Format:Hardcover
'A Hot Country' almost reads like a parody of a 'post-colonial' novel, just waiting to be snapped up by earnest lecturers and set on English Literature classes. Set in the fictional South American country of Cuyama, a former slave colony recently granted independence, it focuses on three characters: Dina Massingham, the book's main centre of consciousness, daughter of an Anglicised Hindustani family, and gutted of soul, spirit and hope, by a combination of personal experience, character and historical circumstances; her unlovable husband, Aubrey St. Pierre, scion of the country's pre-eminent slave-owners, now living in genteel decline, full of egotistical humanitarian desire to atone for his family's past, and given to pedantic and pompous speeches full of noble Enlightenment values that seem preposterous and ineffectual in this context; and Aubrey's former college room-mate Alex Richer, a journalist famous for writing about Third World regimes, now jaded and unwillingly visiting a friend he had unceremoniously dumped.
Like most post-colonial literature (especially from my home country Ireland), 'A Hot Country' chooses to focus on the class in decline rather than the liberated former slaves, the resentful poor, the underclass, the politically disenfranchised, the 'mob'. This has the effect of pandering to the world-view of the assumed middle-class reader, even as it is criticised. And in that view, politics, history and other people are not scientific disciplines that can be analysed or understood with cause and effect precision, but as hazy and hallucinatory as the atmospheric effects created by the grey, mirror-like sea, the mouldering vegetation and the burning sun, as the somnolent lives and minds of the characters, especially Dina. We learn what independence, the increasing totlitarianism of and hostility towards the whites by the Marxist regime means to the declining elite, but the majority black population remain an enigmatic Other, their voices confined to malevolent stares, acts of violence and mass frenzy - the country is hot not just because of the rotting tropical climate, but because the old colonial town is being razed to the ground. Even Dina, the most coherent and least unsympathetic character, poised, as a Christianised Hindustani married to old gentry, between both worlds, seems less a suffering, feeling person, than an idea of what women should be in post-colonial, proto-feminist literature (at one point, she actually says, in conversation: 'Each morning, I have to re-invent myself'. Like you do).
Too many conversations are unnaturally staged to Inform The Reader; too many scenes are set up to be heavily symbolic. The book is written in that kind of verbose journalese you get in Coetzee, studiously trying to avoid the literary, the poetic, the beautiful; but also, by extension, the life-like.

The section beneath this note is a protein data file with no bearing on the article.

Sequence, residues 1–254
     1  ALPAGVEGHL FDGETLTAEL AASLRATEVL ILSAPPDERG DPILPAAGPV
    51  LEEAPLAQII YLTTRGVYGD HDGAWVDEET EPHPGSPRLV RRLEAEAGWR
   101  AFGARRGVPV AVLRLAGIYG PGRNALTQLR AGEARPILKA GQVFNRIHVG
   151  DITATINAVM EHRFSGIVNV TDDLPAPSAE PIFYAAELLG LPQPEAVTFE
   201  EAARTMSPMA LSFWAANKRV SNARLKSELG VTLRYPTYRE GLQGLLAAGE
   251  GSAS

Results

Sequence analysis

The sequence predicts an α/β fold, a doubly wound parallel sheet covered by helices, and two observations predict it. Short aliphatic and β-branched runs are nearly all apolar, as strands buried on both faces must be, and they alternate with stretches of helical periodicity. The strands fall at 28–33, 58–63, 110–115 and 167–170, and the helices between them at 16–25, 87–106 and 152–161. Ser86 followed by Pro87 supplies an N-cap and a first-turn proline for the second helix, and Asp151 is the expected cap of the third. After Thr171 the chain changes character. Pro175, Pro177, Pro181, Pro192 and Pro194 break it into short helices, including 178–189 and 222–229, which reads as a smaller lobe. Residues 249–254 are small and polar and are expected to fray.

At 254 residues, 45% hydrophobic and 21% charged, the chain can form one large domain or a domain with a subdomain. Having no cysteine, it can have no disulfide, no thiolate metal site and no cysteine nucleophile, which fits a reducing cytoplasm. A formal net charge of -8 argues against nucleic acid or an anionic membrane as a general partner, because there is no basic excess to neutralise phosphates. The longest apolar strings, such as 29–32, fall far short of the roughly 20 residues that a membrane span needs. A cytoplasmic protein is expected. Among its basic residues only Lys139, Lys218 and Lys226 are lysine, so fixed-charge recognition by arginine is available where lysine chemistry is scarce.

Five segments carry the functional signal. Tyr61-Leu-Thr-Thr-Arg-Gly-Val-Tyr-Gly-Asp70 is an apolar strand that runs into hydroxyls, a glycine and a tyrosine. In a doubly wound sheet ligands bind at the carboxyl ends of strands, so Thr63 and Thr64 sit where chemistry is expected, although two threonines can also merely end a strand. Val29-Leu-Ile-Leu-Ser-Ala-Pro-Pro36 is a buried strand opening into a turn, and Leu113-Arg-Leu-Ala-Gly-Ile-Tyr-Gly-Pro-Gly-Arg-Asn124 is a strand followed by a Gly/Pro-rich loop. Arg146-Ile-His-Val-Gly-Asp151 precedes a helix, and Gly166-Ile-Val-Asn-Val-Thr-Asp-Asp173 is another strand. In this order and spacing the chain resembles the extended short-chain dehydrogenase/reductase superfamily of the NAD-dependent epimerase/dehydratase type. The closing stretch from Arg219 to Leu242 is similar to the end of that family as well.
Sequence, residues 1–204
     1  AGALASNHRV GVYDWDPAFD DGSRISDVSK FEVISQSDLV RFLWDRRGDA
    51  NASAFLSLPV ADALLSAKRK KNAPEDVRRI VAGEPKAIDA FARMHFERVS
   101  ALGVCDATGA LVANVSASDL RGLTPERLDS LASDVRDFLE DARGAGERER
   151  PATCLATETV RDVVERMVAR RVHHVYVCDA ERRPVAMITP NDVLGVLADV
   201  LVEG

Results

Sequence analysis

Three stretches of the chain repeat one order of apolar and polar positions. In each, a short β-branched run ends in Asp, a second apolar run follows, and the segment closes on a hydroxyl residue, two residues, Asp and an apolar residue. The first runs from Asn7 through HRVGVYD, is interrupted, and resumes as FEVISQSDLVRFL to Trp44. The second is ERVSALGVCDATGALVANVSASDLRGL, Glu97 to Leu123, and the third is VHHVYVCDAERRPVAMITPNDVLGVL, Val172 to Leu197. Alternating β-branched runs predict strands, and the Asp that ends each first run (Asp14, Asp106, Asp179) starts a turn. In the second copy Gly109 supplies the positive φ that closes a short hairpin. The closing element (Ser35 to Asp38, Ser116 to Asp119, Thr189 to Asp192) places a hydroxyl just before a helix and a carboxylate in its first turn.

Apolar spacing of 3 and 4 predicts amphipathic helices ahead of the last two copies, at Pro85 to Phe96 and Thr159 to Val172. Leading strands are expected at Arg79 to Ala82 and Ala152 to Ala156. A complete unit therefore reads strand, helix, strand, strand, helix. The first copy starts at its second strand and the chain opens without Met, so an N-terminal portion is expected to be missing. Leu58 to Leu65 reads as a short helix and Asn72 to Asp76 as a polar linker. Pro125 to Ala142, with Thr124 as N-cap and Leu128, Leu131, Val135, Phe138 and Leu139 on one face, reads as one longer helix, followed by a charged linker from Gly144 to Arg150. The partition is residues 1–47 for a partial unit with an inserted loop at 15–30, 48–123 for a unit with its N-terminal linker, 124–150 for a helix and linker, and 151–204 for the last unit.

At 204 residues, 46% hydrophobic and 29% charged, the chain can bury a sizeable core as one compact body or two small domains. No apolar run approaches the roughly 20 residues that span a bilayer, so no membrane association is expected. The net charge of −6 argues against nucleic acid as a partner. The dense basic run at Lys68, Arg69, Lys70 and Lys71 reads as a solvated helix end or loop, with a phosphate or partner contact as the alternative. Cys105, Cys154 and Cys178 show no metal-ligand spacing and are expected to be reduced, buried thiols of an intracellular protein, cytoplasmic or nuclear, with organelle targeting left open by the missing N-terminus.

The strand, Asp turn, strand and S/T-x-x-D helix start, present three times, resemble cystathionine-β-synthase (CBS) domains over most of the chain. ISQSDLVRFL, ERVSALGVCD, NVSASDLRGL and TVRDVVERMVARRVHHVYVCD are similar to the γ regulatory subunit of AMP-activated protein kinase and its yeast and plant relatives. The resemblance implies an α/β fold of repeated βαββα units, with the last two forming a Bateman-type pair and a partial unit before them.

0 of 1 people found the following review helpful
3.0 out of 5 stars Decay the only recognizable law in this place 17 Dec 2008
By Rudolph M Ten-Pow - Published on Amazon.com
Format:Mass Market Paperback
Re-reading Shiva Naipaul's 1983 novel more than two decades after I first read it has rewarded me with new insights and a fuller appreciation of this travel writer and commentator's commitment to his trade. The hot country of Cuyama is the thinly disguised Guyana of the early 1980s and I have long been surprised at the paucity of literature reflecting this turbulent period of Guyana's history. So kudos first to Shiva for tackling the subject. Having said that, the novel uneasily straddles the line between political commentary and the very promising human interest story of the couple, Aubrey and Dina, who are its principal characters. Too often the political voice stifles the story and too often the story suffers from the author's frustrating reluctance to follow logical developments in the plot line. Dina's dissatisfaction with her most "un-Cuyamese" husband is more than hinted at but never explored. The author does succeed, however, in recreating the pervasive atmosphere of menace and decay. At the international airport, "Soldiers attired in combat fatigues, rifles aslant on their shoulders, lurked in the shade of the eaves". And Naipaul's view of the country and the period is summed up in his concluding observation: "Nothing was ever repaired or even replaced. Whatever began to crumble was allowed to go on crumbling. Decay was the only recognizable law in this place. It was as if those who lived here did not merely have no use for beauty and order but were hostile to their very existence".